holding a claimant must prove entitlement to benefits by the preponderance of the evidence, which is not sustained by mere surmise or conjectureSummary of this case from Bleick v. N. Dakota Dep't of Human Servs.
Opinion filed November 10, 1928.
Appeal from the District Court of Barnes County, Cole, J.
Scott Cameron, for appellant.
The same burden rests upon the plaintiff in a case of this kind as in any other civil case. Pace v. Workmen's Comp. Bureau, 51 N.D. 815, 201 N.W. 348; Dehn v. Workmen's Comp. Bureau, 54 N.D. 199, 209 N.W. 364.
A.F. Greffenius and Ritchie Ployhar, for respondent.
"The existence of a disease which does not impair the employee's ability to work will not prevent a recovery if an accident accelerates the disease to a degree of disability." Walker v. Minnesota Steel Co. (Minn.) 209 N.W. 635; Brown v. Workmen's Comp. Bureau, 55 N.D. 491, 214 N.W. 622.
As stated in the brief of the counsel for the appellant:
"This appeal is from a judgment of the district court finding that the plaintiff is entitled to compensation under the Workmen's Compensation Act being in the employ of an employer who (had) complied with the law relative to the payment of premium at the time of the alleged injury."
It is conceded that the only issue before the court was whether the blindness of the defendant was caused by an injury received during the course of his employment or that his condition at that time was such as was accelerated by the injury and therefore caused his blindness. It is conceded his employer was insured and that the plaintiff received the blow during the course of employment. The Bureau says that the present condition existing is not the result of this blow and that the blow was so slight as to have no appreciable effect.
In the trial of the case in district court counsel for the defendant, after the issues had been stated said:
"I think it is a question whether he is suffering as a result of an injury or disease; if he is suffering from injury there is one or two courses open to the court, either to determine the amount of recovery, or certify it back to the bureau. If he is suffering from an ailment of the brain which was not induced or aggravated by the injury as we claim, there can be no recovery."
It is conceded that after the injury complained of had been received, the plaintiff was examined by several physicians and it was found he was suffering from a glioma and that this glioma caused his blindness. The injury was received on June 28, 1926. Prior to this time, and as early as January of 1926, the vision of the plaintiff had been examined by Dr. Pray of Valley City. It appears that while the defendant was "under an automobile for the purpose of adjusting and repairing the same, the wrench which he was using for the purpose of repairing and adjusting said automobile slipped off from the burr that he was attempting to turn off, fell out of his hand, first striking the frame of the car and then struck the claimant in the left eye." This injury dazed him for some time and in about an hour his employer sent him to one Doctor Spicer. Later the plaintiff went to Owatonna, Minnesota, and consulted Dr. Senn. From there he went to the Mayo Clinic at Rochester, Minnesota where in July 1926 he was examined by Doctors Adson and Benedict, and subsequently Dr. Benedict operated on him. Later in July of 1926 he was examined by one Dr. Smersch.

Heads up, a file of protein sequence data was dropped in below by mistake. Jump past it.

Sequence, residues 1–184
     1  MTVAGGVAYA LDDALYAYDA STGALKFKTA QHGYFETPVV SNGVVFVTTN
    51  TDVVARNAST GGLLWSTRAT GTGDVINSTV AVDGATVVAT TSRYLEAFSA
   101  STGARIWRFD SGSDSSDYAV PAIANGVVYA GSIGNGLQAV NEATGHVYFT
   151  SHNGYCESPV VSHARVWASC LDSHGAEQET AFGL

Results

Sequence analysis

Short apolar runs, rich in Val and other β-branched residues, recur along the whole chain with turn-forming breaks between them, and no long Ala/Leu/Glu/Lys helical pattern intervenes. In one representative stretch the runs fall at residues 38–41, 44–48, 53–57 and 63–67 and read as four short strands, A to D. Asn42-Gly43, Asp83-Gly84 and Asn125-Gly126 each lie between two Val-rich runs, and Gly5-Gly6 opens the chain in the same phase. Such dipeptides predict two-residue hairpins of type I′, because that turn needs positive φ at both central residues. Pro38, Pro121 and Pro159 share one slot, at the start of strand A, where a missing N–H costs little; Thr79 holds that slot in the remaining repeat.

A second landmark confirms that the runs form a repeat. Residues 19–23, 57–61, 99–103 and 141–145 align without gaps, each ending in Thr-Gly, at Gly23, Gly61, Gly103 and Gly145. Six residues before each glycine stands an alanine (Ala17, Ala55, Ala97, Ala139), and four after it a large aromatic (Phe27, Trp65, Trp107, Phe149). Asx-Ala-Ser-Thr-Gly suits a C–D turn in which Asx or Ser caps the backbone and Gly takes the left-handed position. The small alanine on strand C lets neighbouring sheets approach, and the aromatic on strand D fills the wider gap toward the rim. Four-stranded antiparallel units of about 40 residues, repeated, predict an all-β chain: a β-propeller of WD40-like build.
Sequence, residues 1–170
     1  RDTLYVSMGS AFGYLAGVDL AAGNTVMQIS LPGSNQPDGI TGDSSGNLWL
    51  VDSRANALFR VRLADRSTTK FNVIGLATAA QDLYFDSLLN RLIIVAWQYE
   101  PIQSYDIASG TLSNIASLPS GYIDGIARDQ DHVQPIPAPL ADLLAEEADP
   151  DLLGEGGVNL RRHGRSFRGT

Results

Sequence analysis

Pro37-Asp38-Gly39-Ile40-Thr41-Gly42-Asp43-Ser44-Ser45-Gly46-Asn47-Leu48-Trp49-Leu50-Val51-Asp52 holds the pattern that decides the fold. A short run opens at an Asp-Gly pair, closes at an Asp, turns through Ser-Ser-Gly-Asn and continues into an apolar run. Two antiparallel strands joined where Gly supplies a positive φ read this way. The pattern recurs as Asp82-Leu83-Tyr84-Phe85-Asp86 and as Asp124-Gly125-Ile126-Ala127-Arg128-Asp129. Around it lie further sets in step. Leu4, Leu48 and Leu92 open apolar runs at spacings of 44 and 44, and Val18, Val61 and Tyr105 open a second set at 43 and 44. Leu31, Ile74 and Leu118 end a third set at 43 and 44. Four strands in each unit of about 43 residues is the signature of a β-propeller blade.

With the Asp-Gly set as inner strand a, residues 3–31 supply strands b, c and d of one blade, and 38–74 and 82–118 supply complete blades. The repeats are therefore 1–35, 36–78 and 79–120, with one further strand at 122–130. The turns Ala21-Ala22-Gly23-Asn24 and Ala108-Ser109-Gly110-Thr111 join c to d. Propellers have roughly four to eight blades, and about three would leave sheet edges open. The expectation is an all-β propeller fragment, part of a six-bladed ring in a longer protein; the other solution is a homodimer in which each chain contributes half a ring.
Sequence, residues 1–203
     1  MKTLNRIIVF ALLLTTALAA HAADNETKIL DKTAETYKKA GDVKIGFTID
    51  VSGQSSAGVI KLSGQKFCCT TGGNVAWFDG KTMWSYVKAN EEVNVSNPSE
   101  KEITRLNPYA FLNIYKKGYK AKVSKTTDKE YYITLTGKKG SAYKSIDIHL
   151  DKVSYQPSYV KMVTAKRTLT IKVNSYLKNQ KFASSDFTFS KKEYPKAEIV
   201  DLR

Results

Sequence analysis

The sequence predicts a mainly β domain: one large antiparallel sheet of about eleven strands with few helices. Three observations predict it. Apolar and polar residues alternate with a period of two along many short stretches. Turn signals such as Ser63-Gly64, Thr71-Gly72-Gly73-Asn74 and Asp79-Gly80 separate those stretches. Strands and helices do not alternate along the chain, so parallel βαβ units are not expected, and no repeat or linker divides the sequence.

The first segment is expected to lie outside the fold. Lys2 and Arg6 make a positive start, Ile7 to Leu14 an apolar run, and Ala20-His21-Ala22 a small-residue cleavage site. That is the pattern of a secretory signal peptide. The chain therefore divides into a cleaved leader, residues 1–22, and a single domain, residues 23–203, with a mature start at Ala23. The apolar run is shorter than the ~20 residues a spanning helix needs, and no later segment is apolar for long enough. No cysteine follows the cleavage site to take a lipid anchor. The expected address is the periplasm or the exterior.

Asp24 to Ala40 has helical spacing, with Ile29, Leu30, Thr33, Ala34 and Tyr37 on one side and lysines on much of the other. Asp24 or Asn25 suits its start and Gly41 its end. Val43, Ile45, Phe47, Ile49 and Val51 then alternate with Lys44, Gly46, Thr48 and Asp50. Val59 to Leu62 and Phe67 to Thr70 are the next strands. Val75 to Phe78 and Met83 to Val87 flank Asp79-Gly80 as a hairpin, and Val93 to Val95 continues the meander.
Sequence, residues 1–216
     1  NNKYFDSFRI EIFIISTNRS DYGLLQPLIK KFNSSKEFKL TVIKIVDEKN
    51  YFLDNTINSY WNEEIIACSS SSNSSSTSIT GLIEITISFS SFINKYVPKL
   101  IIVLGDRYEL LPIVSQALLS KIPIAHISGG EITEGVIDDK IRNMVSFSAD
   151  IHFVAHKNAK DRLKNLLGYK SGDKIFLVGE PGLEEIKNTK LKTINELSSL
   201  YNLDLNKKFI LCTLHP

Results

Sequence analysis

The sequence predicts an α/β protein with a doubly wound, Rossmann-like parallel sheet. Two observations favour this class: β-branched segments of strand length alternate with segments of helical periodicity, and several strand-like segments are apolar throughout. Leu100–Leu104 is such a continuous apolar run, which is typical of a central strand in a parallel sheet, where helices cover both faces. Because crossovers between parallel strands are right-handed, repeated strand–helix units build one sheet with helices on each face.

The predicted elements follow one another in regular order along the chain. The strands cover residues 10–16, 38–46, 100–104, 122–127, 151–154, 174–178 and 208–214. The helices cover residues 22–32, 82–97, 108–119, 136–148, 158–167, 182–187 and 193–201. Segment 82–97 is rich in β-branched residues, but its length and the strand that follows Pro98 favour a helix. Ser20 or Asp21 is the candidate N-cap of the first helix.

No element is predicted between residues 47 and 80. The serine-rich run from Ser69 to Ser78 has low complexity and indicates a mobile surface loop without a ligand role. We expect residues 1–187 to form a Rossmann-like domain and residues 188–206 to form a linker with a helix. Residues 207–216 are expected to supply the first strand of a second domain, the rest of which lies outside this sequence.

Dr. Pray is a qualified and experienced physician and surgeon of over thirty years' practice. He says he has had experience with the growth commonly called glioma, that in January, 1926, he examined the plaintiff for life insurance and during this examination examined his eyes. He found his vision normal. He testified that a glioma was generally believed to be a malignant growth but it might remain dormant for some time; that such malignant growths lying dormant "are often wakened up by an injury;" and that it is possible a blow could influence it by reason of the locality; that with reference to the testimony of Dr. Adson as to the position of the glioma, a blow struck on the left eye could accelerate it, assuming that it was lying dormant; that such an injury to one eye might cause trouble to the other eye. He also said that if prior to the blow the plaintiff had had his vision corrected by glasses it would indicate the glioma was a dormant one; that such tumors may be of rapid or slow growth. He also stated he did not believe it was necessary to have a blow severe enough to fracture the skull before it would increase the activity of a glioma. He admitted the medical profession did not know yet what was the starting point of such tumors, it was difficult to tell just when they begin or what was the cause, the same as other cancerous growths. He admitted the doctors disagree on some of these points and stated that when doctors did disagree the lawyers decide. He said that this blow which the plaintiff received might or might not have caused activity of the glioma.